Sweden is being held up by some as an example of how to deal with the Coronavirus (COVID-19) pandemic. While the early signs suggest its pragmatic approach is working, it will be months, or possibly years, before the world will be able to judge whether its fight to keep the country going, when others have closed ranks, has truly been successful.

The fleet industry, of course, rarely gets more than a few hours grace before it can be held to account. Some industries may be enduring enforced lay-offs, but many fleets are still busy providing essential services to keep food and economies going.

Tellingly, the regional division of one of Sweden’s most famous exports very early on decided that it had no choice but to keep its operation going as much as it possibly can.
Like many of us, the staff of Scania Middle East are adjusting to the new normals of social distancing and rules on how many people can be in their Jebal Ali office at one time.

Disruptive it may be but regional sales director Hans Wising tells T&FME that the firm is determined to help support its customers as the COVID-19 crisis continues to disrupt business in the region.

With the on-trend niceties of checking that we can hear each other – even if the video isn’t behaving – out of the way, Wising is early to confirm that, with sectors such as oil and gas and construction continuing in parts of the region, customers can still access workshops and fleet support. In fact, even through a wobbly connection (at T&FME’s end), there’s plenty of bandwidth for him to stress that Scania Middle East is ready to serve fleets whenever they need help.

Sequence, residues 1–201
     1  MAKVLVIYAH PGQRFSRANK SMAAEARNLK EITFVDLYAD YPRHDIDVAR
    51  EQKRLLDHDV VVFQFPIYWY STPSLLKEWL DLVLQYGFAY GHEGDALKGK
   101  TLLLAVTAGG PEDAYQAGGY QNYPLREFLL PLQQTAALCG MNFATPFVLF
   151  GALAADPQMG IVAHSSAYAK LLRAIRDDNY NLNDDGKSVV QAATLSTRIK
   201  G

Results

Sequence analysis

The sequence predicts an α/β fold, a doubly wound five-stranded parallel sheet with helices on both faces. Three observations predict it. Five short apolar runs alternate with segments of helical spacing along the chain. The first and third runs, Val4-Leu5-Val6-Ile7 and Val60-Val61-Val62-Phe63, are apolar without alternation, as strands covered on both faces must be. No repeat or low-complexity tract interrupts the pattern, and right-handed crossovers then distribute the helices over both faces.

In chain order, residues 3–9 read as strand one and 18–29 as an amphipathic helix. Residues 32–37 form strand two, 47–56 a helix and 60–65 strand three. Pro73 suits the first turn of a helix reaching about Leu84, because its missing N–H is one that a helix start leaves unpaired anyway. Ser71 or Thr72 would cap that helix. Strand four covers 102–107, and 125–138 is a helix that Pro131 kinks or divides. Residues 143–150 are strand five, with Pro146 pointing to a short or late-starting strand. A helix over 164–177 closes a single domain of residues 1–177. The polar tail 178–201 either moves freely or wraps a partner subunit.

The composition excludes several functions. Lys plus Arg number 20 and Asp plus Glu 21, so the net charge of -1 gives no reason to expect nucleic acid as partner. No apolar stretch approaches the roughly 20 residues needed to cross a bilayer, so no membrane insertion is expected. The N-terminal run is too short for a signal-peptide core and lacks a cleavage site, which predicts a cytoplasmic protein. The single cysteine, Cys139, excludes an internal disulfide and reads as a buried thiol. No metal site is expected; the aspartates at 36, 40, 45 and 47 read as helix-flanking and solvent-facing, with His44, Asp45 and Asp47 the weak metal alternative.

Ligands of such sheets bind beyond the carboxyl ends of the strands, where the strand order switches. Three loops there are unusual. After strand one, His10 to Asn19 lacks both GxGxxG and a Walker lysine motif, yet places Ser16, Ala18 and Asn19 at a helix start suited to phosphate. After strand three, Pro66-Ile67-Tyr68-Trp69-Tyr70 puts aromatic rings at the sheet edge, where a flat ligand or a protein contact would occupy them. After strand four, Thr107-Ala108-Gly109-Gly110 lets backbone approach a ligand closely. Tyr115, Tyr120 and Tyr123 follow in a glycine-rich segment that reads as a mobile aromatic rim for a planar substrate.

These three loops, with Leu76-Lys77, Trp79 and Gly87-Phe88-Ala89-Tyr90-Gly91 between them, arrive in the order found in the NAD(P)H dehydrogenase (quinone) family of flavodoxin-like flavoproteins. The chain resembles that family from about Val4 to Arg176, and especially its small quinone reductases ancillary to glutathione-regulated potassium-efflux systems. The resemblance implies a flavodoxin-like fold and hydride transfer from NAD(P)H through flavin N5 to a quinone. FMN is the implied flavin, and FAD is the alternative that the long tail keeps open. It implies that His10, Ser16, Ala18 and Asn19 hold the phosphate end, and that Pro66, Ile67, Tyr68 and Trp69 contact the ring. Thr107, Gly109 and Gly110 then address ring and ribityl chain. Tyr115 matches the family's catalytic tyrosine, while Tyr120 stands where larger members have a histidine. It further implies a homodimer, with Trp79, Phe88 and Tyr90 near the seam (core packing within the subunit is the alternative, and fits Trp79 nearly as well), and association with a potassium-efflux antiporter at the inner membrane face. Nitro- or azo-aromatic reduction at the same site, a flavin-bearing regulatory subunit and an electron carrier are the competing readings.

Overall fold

“Trucks are a part of a society’s lifeline; keeping goods and medical supplies moving. The focus at Scania is to keep our customers running and keep our workshops open and keep spare parts available.”

Wising says that construction and food supply continued to ‘move on’ even after the start of lockdowns and Scania Middle East and its dealers offered a full set of sort of services at their workshops as well as the continuation of mobile unit support for fleets – even when showrooms and sales operations were largely closed down.

He tells the magazine that the variety of rules in place between countries in the region means that the workshop services currently available to fleets may differ.

“Take Oman, for example, they have quite strict regulations that it’s only sort of more emergency basis,” says Wising. “You don’t just walk in there. You have to make an appointment and so on,” he explains before stressing that the message remains the same: “All our workshops are open.”